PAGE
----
Funahashi R, Mukaino M, Otaka Y, Senju Y, Yoneda C, Ozeki Y, Shimizu Y, Koike T, Saito E. Feasibility of the International Classification of Functioning, Disability and Health Rehabilitation Set for inpatient rehabilitation: Selection and validity of a set of categories for inpatients in a convalescent rehabilitation ward. Jpn J Compr Rehabil Sci 2020; 11: 1-8.
Objective: To evaluate the feasibility of the International Classification of Functioning, Disability and Health (ICF) Rehabilitation Set for inpatients in a convalescent (Kaifukuki) rehabilitation ward.
Methods: Overall, 295 inpatients in convalescent rehabilitation wards were rated using the ICF Rehabilitation Set, and the proportion of missing values was investigated. Categories with missing values <10% were selected, and internal construct validity of the total score of the selected categories was examined using Rasch analysis.
Results: Missing values were detected in 25 items, of which seven had missing values of ≥10%. No ceiling or floor effects were noted. Rasch analysis of 23 categories with missing values <10% showed a good fit to the model after applying testlet solution and item splitting, which supported the internal construct validity of the ICF Rehabilitation Set.
Conclusion: This identified the set of categories of the ICF Rehabilitation Set that could be used for evaluating rehabilitation inpatients. These categories had good internal construct validity based on Rasch analysis.
Senju Y, Mukaino M, Ozeki M, Watanabe M, Okochi Y, Mizutani K, Saito E, Sonoda S. Interrater agreement between clinician ratings and patient self-assessments for body function categories of ICF Rehabilitation Set. Jpn J Compr Rehabil Sci 2020; 11: 9-16.
Objective: This study investigates interrater agreement between clinician ratings using the Rating reference guide developed in Japan for the International Classification of Functioning, Disability and Health (ICF) Rehabilitation Set and patient self-assessments for body function categories of the ICF Rehabilitation Set.
Methods: Eighty-eight inpatients and/or outpatients who received rehabilitation participated in this study. For the assessment of the nine body function categories of the ICF Rehabilitation Set, the patients were asked to complete the self-assessment questionnaires, and the clinicians rated the patients using the Rating reference guide. Interrater agreement between clinicians and patients was investigated using weighted kappa statistics and an intraclass correlation coefficient (ICC (2,1)) to determine interrater agreement of each category and the total score, respectively.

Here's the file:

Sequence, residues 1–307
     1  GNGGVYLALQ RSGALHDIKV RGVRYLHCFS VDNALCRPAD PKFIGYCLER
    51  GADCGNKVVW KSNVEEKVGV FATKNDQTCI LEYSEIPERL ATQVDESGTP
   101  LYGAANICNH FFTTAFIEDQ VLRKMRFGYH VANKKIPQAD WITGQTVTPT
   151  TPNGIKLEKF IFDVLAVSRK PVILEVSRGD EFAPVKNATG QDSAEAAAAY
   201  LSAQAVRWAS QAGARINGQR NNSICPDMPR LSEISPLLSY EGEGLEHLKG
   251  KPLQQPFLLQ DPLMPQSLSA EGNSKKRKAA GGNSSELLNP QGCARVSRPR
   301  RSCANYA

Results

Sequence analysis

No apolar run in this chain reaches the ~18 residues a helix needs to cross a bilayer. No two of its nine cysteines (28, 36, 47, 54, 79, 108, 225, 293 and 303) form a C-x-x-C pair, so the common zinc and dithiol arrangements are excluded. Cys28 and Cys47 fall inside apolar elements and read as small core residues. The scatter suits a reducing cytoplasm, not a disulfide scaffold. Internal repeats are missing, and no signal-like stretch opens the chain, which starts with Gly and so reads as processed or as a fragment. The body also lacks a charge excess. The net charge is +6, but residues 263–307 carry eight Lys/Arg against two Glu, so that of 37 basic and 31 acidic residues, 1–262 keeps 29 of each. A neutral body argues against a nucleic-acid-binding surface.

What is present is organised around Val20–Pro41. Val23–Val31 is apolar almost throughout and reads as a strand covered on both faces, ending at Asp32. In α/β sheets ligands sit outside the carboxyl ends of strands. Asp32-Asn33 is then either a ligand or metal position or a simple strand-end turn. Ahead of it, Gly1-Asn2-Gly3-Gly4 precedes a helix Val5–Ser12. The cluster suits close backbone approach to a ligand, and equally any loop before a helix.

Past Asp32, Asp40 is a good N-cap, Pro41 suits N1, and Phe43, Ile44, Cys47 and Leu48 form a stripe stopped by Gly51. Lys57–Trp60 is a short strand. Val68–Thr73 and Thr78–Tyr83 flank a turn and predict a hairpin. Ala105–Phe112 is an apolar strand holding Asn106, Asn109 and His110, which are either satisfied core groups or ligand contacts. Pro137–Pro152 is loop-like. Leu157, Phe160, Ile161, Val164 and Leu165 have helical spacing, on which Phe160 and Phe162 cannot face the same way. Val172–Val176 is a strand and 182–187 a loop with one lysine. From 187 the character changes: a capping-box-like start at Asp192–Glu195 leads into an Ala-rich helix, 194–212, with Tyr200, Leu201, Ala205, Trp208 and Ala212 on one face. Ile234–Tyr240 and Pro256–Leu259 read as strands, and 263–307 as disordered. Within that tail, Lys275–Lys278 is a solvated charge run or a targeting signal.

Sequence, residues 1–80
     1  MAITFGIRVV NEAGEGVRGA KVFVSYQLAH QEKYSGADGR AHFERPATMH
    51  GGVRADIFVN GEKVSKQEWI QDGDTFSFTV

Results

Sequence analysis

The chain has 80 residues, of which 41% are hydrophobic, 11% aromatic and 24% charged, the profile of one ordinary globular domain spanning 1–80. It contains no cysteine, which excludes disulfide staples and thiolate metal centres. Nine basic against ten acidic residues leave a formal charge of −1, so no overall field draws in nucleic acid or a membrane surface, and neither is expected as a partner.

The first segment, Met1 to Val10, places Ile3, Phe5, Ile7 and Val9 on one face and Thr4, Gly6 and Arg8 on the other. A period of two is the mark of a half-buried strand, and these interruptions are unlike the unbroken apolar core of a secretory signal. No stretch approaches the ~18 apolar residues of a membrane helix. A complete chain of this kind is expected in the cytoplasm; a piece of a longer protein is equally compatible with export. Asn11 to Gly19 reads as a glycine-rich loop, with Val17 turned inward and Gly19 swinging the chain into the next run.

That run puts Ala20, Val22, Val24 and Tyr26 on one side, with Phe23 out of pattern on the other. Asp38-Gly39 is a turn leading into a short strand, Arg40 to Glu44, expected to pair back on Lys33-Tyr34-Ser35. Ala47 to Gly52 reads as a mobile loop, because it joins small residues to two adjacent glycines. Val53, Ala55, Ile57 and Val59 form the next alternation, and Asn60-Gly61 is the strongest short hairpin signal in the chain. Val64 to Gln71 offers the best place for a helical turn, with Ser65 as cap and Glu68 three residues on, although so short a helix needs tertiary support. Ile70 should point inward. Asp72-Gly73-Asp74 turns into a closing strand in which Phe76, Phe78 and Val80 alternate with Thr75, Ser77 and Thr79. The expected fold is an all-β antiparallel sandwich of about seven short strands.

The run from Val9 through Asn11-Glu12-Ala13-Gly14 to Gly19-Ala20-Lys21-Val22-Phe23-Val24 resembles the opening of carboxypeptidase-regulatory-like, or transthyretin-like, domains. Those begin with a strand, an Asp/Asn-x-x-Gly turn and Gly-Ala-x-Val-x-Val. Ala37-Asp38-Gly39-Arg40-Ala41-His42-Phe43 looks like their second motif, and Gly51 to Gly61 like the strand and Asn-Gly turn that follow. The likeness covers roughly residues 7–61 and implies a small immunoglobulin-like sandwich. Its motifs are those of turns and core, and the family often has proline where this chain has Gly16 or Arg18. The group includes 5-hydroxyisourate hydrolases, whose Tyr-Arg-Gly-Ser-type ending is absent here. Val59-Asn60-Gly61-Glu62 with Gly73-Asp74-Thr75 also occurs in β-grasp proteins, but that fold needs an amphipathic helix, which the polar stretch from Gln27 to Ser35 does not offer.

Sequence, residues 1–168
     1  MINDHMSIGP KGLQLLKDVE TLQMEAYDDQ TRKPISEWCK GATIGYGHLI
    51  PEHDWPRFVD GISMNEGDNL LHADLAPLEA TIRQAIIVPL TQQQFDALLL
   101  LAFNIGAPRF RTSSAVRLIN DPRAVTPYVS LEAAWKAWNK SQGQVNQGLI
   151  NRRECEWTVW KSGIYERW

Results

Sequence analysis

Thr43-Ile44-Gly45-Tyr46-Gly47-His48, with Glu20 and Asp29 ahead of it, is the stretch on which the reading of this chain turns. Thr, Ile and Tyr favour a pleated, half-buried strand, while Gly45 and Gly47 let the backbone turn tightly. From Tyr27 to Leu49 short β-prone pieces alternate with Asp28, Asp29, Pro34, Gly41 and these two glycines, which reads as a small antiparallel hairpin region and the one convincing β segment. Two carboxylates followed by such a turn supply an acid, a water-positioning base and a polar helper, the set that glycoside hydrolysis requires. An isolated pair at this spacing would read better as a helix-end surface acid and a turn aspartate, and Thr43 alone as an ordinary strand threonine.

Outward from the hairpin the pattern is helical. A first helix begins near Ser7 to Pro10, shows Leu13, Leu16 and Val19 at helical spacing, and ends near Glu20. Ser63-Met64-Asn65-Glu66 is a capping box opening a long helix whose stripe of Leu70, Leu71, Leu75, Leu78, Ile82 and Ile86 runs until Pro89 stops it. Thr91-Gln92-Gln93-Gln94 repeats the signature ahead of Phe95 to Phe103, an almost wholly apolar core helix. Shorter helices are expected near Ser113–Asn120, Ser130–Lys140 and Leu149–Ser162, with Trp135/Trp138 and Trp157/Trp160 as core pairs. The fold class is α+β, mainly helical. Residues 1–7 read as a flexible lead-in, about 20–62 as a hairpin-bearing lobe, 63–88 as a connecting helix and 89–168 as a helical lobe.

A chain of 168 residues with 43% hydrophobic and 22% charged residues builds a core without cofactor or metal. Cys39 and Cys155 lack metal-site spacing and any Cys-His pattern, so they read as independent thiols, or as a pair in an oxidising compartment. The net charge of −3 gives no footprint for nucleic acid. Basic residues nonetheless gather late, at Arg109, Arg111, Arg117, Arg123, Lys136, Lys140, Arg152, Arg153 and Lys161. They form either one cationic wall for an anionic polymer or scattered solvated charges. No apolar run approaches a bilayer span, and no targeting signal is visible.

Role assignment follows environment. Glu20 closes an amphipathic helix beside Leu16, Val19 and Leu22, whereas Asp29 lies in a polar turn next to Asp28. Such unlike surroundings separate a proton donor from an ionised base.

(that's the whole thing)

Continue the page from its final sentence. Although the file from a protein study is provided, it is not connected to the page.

Results: The weighted kappa statistics ranged from 0.58 to 0.87. Eight out of nine categories presented with weighted kappa statistics greater than 0.61. The total score of all categories showed no significant difference between clinicians and patients and presented with an ICC (2,1) of 0.85.
Conclusion: No significant difference was observed between clinician ratings with the Rating reference guide for body function categories and patient self-assessments, showing feasibility of the Rating reference guide as a means of describing the status of patients' functioning.
Aoki K, Iguchi A, Watabe T. Evaluation of Functional Independence Measure item scores for predicting home discharge after acute stroke rehabilitation. Jpn J Compr Rehabil Sci 2020; 11: 17-20.
Objective: To determine whether certain Functional Independence Measure (FIM) items assessed early during acute-stage rehabilitation are predictive of home discharge for patients with stroke following intervention.
Methods: Medical record data were retrospectively compiled and analyzed for 103 patients with stroke admitted to our hospital between December 2016 and March 2017. Patients were either discharged to their own homes (n=41) or transferred to another facility (n=62) after acute-phase rehabilitation. Fisher's exact test was used to compare characteristics between the home and transfer groups. Stepwise multiple logistic regression analysis was also performed to identify FIM items predictive of patients' discharge destination.
Results: Significant differences between the home and transfer groups were observed for all FIM items, except for shower/tub transfer and stairs. Eating and social interaction were identified as significant predictors of the post-rehabilitation destination in multiple logistic regression analysis (p=0.001, odds ratio [OR]: 10.956, 95% confidence interval [CI]: 0.638-1.755; p=0.008, OR: 4.273, CI: 0.182-1.269, respectively).
Conclusion: In some cases, early assessment of FIM items, particularly eating and social interaction, after a stroke can help predict a patient's discharge destination after rehabilitation.